By Dhanya Skariachan and Phil Wahba
NEW YORK (Reuters) - U.S. online sales are expected to hit $2 billion on "Cyber Monday," for the first time since the data firm comScore has been tracking such information.
A 20 percent increase is expected to come even after many consumers shopped earlier when retailers started offering their "Cyber Monday" deals on Sunday.
As of 12 p.m. EST, online sales were up 21.4 percent on "Cyber Monday," according to IBM Digital Analytics Benchmark.
The growth is not just a boon for online retailer Amazon.com Inc. Bricks-and- mortar chains that have successfully integrated their e-commerce and in-store businesses also stand to gain from the online growth.
Wal-Mart Stores Inc, Target Corp, Toys R Us, Macy's Inc, J.C. Penney Co Inc and Best Buy Co Inc were among the brick-and-mortar chains that started their online deals early.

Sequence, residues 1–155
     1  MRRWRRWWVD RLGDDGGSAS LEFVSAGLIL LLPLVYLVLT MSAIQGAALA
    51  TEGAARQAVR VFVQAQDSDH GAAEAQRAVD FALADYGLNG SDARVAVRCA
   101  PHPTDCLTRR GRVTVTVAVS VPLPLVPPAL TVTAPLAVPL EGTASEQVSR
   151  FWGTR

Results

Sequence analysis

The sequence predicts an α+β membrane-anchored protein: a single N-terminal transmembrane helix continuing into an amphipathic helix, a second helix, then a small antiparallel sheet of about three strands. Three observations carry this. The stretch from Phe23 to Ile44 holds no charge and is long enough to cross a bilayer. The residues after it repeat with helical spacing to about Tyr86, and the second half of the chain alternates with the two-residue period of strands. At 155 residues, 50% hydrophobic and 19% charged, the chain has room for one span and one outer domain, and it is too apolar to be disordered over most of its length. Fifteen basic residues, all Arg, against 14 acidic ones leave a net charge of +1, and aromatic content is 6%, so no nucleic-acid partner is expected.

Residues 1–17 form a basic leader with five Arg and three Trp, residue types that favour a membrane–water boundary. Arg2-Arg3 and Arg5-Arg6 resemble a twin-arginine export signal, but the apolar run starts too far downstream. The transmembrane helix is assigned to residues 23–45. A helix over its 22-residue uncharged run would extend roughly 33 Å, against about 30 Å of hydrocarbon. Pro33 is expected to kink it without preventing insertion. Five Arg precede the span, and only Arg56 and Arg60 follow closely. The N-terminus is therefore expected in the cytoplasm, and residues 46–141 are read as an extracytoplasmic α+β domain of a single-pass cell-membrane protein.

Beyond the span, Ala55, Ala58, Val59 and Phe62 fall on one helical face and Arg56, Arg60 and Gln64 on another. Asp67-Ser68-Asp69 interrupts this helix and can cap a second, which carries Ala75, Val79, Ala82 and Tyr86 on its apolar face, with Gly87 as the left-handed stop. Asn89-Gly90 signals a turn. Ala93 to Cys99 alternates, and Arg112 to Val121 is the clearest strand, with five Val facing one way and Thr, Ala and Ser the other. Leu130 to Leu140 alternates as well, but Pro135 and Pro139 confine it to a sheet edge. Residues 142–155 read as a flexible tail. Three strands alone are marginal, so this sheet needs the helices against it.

"All of them are behind Amazon, but some are starting to catch up," said Edward Jones analyst Brian Yarbrough.
"Cyber Monday" is the busiest day of the year for online sales and follows the Thanksgiving weekend that kicks off the peak holiday shopping season.
To compete with each other and Amazon, many U.S. retailers began offering some of the season's best online deals, which were traditionally reserved for the Monday after Thanksgiving, several days ago.
That helped overall online sales from Thanksgiving through Sunday rise 14.5 percent in 2013 over the same period last year, data from IBM showed.
"The earlier offering of deals online may weigh on Cyber Monday and, interestingly, some retailers are offering a worse deal on Cyber Monday than they had over the earlier period," said Nomura analyst Simeon Siegel.
U.S. shoppers spent almost 3 percent less than they did a year earlier during the Thanksgiving weekend, according to the National Retail Federation data. But online sales rose 17.3 percent on Thanksgiving and Black Friday, outpacing sales growth at brick-and-mortar stores, data from comScore Inc showed.
The S&P Retail Index was down 0.4 percent Monday afternoon.
(Reporting by Dhanya Skariachan and Phil Wahba; Editing by Leslie Gevirtz)